Smack-Talk Of The Town

“Call Of The Wild”

by Isa Hopkins, editor-at-large


Brooklyn’s Bushwick section is ground zero for the blossoming of a particular kind of hipster urbanism: the appropriation and transmogrification of Rust Belt grit into something hip enough for New York City, a defiant underground sensibility belied by skyrocketing rents and the threat of encroachment by the Park Slope stroller set.  Braden James lives in a the fourth floor of a brownstone walk-up.


“I was in Detroit last year,” says the tattooed law school dropout.  “They’re doing so much there, it’s incredible.  I mean, I didn’t see much — we were just driving through — but, still, it was pretty cool.”


James grew up outside of Providence, Rhode Island, in what he calls “suburban hell.”  His live-in girlfriend and business partner, Isabella McClintock, hails from Seattle, another vanguard of the nascent food movement.  “Seattle’s alright,” says McClintock, who met James at a Grizzly Bear concert three years ago when they were both ignoring the band with the same issue of The Believer.  “But, you know, Seattle, Detroit: they’re not New York.  It’s like nothing happens there even matters, right?”


James and McClintock have sought to bring the best of Seattle and Detroit into Bushwick, or at least onto their fire escape.  In Ohio last year, returning from their short visit to the Motor City, the couple purchased three heritage-breed turkeys, now being bred and raised out of their apartment in what they say is the next evolution of the urban food movement.


“Turkeys are native to New York City,” says McClintock.  “They were here first.  Keeping these beautiful birds on farms upstate or in the Midwest is like putting Native Americans on a reservation: unconscionable.”


“You can define “local” really broadly,” says James, with elaborate scare quotes around the word.  “Some people say, like, 100 miles is local.  What?  That’s not local.  The local trains don’t go 100 miles.  That’s just an excuse to keep the upstate small-farm cartels in business.”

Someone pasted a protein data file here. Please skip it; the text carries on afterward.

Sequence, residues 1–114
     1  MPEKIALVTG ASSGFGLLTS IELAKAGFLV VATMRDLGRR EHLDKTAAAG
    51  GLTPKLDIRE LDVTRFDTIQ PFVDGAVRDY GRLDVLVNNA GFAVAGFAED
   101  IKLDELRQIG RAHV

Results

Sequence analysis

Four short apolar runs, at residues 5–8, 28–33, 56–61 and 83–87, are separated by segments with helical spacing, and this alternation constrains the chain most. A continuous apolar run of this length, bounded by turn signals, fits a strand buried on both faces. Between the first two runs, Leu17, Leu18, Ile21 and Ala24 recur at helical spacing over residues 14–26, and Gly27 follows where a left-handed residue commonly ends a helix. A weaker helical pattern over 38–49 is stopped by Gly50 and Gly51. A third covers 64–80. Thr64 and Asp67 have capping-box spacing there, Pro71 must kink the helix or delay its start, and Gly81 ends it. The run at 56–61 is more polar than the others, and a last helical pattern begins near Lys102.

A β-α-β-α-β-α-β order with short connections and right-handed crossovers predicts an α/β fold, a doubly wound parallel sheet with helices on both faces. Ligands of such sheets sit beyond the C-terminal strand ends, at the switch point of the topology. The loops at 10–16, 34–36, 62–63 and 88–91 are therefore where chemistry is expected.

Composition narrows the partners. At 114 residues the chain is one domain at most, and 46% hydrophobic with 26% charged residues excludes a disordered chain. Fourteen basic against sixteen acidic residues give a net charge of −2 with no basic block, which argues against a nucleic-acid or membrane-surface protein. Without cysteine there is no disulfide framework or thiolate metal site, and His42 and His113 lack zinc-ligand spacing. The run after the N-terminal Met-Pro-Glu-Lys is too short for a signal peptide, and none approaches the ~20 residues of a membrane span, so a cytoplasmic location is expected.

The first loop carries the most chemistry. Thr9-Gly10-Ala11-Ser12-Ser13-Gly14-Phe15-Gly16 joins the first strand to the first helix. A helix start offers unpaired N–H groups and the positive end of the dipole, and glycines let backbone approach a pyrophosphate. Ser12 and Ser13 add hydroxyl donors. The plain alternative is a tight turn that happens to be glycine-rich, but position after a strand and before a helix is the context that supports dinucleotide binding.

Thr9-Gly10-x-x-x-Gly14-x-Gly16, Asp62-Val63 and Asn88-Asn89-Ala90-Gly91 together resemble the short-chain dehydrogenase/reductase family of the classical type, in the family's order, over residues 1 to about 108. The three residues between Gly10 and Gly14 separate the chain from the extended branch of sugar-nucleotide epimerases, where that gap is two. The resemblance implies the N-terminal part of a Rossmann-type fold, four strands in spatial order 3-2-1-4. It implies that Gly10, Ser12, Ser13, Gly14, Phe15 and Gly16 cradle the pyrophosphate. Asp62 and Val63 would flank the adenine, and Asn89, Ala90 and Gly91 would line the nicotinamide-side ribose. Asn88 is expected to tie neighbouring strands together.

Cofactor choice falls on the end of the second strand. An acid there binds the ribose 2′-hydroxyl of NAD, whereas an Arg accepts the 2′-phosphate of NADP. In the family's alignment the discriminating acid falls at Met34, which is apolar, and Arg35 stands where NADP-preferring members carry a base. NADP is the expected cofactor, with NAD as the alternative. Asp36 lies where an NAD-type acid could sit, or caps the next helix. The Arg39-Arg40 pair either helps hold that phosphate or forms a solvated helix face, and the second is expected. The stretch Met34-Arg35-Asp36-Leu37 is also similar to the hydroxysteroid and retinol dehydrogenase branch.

“They’re vicious,” supplies McClintock, who cites as evidence the fact that they were denied a small-farm loan last year by the State of New York.  “They’ve got everybody in Albany wrapped around their fingers,” says James.  “It’s disgusting.”  (According to the state agriculture office, James and McClintock’s loan was denied because their operation “did not meet the definition of a farm”: “Three turkeys is not a farm,” spokesperson Susan Wojta told me.  “They don’t even have any land for those birds!  Really, we should have called the ASPCA.”)


But the pair’s hyperlocal approach also has supporters.  When they tweeted that they would be slaughtering and selling one of the birds this Thanksgiving, responses poured in from all five boroughs.  There is currently a twelve-way bidding war to determine who will consume the Brooklyn bird, with a going price, as of this writing, of $7,700.


“That’ll just barely cover our feed and vet costs for the year,” says McClintock, who, like James, quit her last job to raise the birds full-time.  “Braden’s parents got us for the rent, so we’ll be OK, but we’ve gotta get each bird to around 100k if we really want to make this work.”


“We’re looking at sub-varietals,” explains James.  “Like, sure, a heritage breed is great — we raise Bourbon Reds — but by varying the feed we can create one-of-a-kind poultry experiences.  The first bird we slaughter was raised entirely on bacon and Jack Daniel’s.  We’ve got another one on microbrews and sourdough bread.  We’re still learning.  It’s a process.”


“An expensive process,” adds McClintock.


“Yeah,” says James, hands on his hips as the birds — kept on leashes — squawk against the window.  “Farming is hard.”

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